Warning: Obvious Super Mario Odyssey spoilers ahead

For such a universally praised game, Super Mario Odyssey’s ending has caused quite a stir within the gaming community. It’s strange since we all know that it’s not the real ending. An unrivaled wealth of post-game content sees that your fun with the iconic plumber will continue for at least several dozen more hours after the credits roll if you let it. However, the closing cinematic for the game’s main campaign has fired up a host of emotions, all of which severely overlook the underlying problem with the cutscene in general.

Those who have not reached this cutscene might want to look away because I’m about to spell it out. After a fabulous final battle with Bowser and an epic escape from the Moon’s wedding chapel (to the tune of some sweet Persona 4 beats, no less), Mario leaps at the chance to receive his reward: a lovey-dovey moment with Princess Peach, his heart-throb whom he has consistently rescued for the past thirty years.

However, before he gets his chance, Bowser sucker punches him into the dirt and shoves a bouquet of piranha plants in Peach’s face. Oof!

What ensues is actually really awkward to watch. Mario, in a fit of desperation, grabs his own flower from the ground and joins in the fray with Bowser as they both compete for Peach’s love with nothing more than a piece of vegetation. The scene grows tenser and tenser, Peach looks strangely confused, and we wonder why since we all know that she has to choose Mario, right?… except she doesn’t. She (rightfully) denies both of these creepers any affection and heads off to the Odyssey, where she threatens to leave them both stranded on the Moon.

Luckily, Mario comes to his senses and is able to catch his ride at the last possible second by jumping off Bowser’s face.

…roll credits.

Now, it’s quite obvious where the controversy is arising from here. Once again, a faction of entitled male gamers is upset with how Mario is being treated by Princess Peach in this scene. They feel sorry for the pudgy, working-class hero, and they feel enraged that this beautiful woman publically scorned and rejected him despite overcoming dragons and lava octopuses to rescue her from forced marriage and enslavement. To paraphrase:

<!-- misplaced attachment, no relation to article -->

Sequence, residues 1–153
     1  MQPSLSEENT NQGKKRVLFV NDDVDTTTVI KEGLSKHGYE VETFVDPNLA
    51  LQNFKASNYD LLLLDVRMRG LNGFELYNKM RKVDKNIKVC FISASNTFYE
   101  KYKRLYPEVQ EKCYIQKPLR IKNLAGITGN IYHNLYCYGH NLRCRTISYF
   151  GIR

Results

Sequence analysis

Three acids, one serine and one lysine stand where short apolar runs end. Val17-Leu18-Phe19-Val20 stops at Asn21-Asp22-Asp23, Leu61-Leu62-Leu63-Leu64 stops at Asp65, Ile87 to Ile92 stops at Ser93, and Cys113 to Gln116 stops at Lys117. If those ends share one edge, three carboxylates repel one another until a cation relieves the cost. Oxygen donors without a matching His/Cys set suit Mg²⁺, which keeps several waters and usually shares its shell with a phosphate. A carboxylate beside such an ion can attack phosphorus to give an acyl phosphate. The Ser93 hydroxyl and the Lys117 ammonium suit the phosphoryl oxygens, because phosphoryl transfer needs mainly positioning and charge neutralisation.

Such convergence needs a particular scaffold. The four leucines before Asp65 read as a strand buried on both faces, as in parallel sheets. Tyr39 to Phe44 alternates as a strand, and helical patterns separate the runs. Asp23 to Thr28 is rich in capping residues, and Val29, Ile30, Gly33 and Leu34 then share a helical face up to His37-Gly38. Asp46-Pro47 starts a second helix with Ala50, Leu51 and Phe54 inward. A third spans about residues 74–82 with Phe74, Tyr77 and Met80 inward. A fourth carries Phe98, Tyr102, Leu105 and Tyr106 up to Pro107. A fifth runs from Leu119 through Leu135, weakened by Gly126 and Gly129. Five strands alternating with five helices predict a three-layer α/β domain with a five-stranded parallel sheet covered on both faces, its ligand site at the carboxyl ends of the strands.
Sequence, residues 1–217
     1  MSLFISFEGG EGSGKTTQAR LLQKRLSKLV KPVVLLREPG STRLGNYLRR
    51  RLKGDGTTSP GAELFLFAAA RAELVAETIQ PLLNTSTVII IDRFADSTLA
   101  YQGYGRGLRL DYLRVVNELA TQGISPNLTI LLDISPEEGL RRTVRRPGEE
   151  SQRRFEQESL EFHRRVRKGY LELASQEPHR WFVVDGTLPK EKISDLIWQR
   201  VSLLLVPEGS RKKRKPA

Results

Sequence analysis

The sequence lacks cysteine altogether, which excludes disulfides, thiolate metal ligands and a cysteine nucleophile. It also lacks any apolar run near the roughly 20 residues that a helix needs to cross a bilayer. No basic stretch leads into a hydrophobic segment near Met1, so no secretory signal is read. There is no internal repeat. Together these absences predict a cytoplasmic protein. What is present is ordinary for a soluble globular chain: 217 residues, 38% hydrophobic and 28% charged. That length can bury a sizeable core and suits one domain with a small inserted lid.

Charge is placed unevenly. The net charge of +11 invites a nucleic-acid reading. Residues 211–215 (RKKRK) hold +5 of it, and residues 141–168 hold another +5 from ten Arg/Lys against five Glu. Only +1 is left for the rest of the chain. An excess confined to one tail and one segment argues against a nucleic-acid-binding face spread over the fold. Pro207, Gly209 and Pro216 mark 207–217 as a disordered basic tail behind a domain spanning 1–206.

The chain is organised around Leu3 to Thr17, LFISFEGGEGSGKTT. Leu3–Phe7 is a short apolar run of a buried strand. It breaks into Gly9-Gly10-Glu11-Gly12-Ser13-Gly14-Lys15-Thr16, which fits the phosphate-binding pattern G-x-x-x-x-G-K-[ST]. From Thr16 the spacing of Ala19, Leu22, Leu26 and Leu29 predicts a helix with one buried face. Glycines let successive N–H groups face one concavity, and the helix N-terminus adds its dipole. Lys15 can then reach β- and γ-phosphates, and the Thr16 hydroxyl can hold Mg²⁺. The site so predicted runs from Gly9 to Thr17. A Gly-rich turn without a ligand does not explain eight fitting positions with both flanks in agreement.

“Thirty years and she still hasn’t put out.”

“What an ungrateful woman. Mario bends over backwards to save her, and she only uses him for security.”

Naturally, Nintendo is being called out by this group for succumbing to the rising influence of feminism in video games, and others are calling it a cheap message that doesn’t carry throughout the whole game. Paraphrasing again:

“Peach is more than happy to call to him for help when she needs him, but the second she is safe, it’s back to the friend zone for Mario.”

Nevermind that Princess Peach hits the road for her own adventure after the events of the story and even helps Mario out by supplying him with Power Moons when they bump into one another. This romantic slight has proven to be too much for some gamers to take, and seeing Mario get cut down by the woman he loves is one stroke too far those who raise the flag of SJWs intervening in game development.

No doubt, you’ll find a NeoGAF or a Reddit post about this very ending somewhere, overloaded with guys who can’t understand why Peach would reject the stoic Mario in such a cold, heartless fashion.

Now, in their defense (of which I offer begrudgingly and most minimal of manners), it was pretty lame of Princess Peach to steal Mario’s ride and strand him on the Moon. I mean, that’s taking her whole rejection of him a bit too far since it’s likely he’d suffocate, freeze, and eventually die there. However, I’m sure she knew if anyone could find their way off the Moon, it would be Mario.

(Mega Man Volnutt surely hasn’t for the past two decades)

However, turning down Mario in the same manner that she turns down Bowser in this ending is an entirely appropriate action for her to take here. Mario, for as much as we love him, was frankly being a bit of a pain in this cutscene. To him, Princess Peach suddenly stopped being the woman he loves and became a prize to be won, a trophy with which he resorted to flowers to triumph over a rival and win her heart. Piling pressure on a woman, jamming presents in her face, forcing her to choose on the spot between one or the other, expecting to get the positive response just because you see yourself as an entitled hero… fellas, this isn’t the way to a woman’s heart. Not in the least.

No matter how many Hollywood movies you see and no matter how often you contrive them into reality, a woman is not something you win through trial-and-error or through competition with another man, and this is where Mario made his fatal mistake in the ending of Super Mario Odyssey.

Can’t say I blame Princess Peach one bit for screaming “Enough,” and leaving these two jerks behind in the moondust. She isn’t so much rejecting Mario or the favor he did for her so much as she’s just super pissed off that he acted in such a rude manner. And if you feel the need to criticize Peach, go ahead and try approaching a real woman in the same way that Mario and Bowser did in this scene… see if you fare any better.